To become Ray Charles, Foxx had to lose 30 pounds to look like him, and have his eyes glued shut to act like him.
"Once I got down to that weight, and when we got the hair together, and I put those shades on, and I listened to that music, I said, 'Watch out. Something is about to happen,'" says Foxx.
But before it could happen, Foxx had to audition for the man himself. "He walks out with that smile. It's right in front of you, that hug that it gives you," recalls Foxx. "And we went straight to the piano."
Foxx only met Charles once, but he says it's all he needed. "That's all I wanted," says Foxx. "Because Ray at that time was in his 70's, and he was older, slowed down. I said, 'I need to know the young Ray.'"
So Foxx got to know the young Ray by listening to a recording of an old television show. "On the cassette tape, it said, 'Hi. This is Dinah Shore from the Dinah Shore Show, here with Mr. Ray Charles,'" recalls Foxx. "And in the back you hear, 'Hello Dinah, I'm just so happy to be here. And I didn't even know that you know my music.' And I would listen to this voice. I'd say, 'Whoa, that's what I needed.'"
Even without his starring role in "Ray," this would have been a banner year for Foxx. He sang on the No. 1 hit, "Slow Jamz," and he co-starred in the blockbuster "Collateral," opposite Tom Cruise.
All this from a guy who, on a dare, first took the stage in a comedy club to do impressions of Bill Cosby and Ronald Reagan. Foxx's big break came in 1991 when he joined the cast of the television show, "In Living Color." Foxx put on a blond wig and lipstick, and the character "Wanda" ("I'm gonna rock your world") was born.
Next came "The Jamie Foxx Show," and it ran for five seasons on WB. There were also HBO specials, in which he took on just about everybody, from O.J. Simpson to Jennifer Lopez.
Foxx, who is so good at pretending to be others, actually began his life as Eric Bishop in Terrell, Texas, a small railroad town where the train tracks still separated the races.
As an infant, he was adopted by his grandparents, Mark and Estelle Talley, a couple already in their 60s who, years earlier, had adopted his biological mother.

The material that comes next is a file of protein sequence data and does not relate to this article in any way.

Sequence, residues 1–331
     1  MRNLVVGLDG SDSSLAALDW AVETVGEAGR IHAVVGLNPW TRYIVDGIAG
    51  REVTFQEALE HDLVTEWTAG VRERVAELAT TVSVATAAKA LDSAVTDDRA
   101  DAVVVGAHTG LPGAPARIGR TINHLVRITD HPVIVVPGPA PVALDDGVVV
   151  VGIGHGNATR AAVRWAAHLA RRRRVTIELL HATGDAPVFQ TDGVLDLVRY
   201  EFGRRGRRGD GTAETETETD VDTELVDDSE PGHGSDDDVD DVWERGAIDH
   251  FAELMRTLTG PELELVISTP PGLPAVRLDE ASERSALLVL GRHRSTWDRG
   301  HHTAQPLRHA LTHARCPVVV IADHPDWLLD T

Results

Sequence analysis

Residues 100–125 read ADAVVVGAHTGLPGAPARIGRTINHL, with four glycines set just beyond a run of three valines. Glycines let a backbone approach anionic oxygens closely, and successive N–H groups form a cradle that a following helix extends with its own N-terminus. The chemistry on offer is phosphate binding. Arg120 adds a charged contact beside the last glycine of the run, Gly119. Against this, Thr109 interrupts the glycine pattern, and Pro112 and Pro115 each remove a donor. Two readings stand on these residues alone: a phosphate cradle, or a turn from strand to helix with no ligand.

Even though money was tight, Estelle insisted that Foxx take piano lessons, and she always found a way to pay for them. "She's at the bow and arrow, she was pullin' that bow back as hard as she could, and aimin' me in a certain direction," says Foxx. "And that when I got to Los Angeles, I would have that self-discipline behind me."
By the time he was 13, he was earning money as music director of the New Hope Baptist Church.
In his hometown, no one doubted Foxx would be a star. He already had his own show at school called "An Afternoon With Eric Bishop." He also starred as the quarterback for his high school football team, the Terrell Tigers. And in football-mad Texas, that's just about as big as you can get.
"The exciting things that happened to me playing football here are just as exciting as what I'm doing in movies and television and music, because those were your first moments of having success," says Foxx.
But it was success that Foxx's biological parents rarely acknowledged. Although they lived nearby, they seldom checked up on him. "You know, I didn't need much. But just a little bit would have been, like, 'OK, at least you're checking for it,'" says Foxx. "You know? At least you're checking for me."
Why his parents seemed not to care perplexed Foxx, who simply had no idea how to please his father.
"How can you have a son and not wanna be around this type of son? You want your son to play football? I got that. You want your son to be smart? I have that," says Foxx. "And you only lived 26 miles away from me. Those are the things that are hard to come to grips with."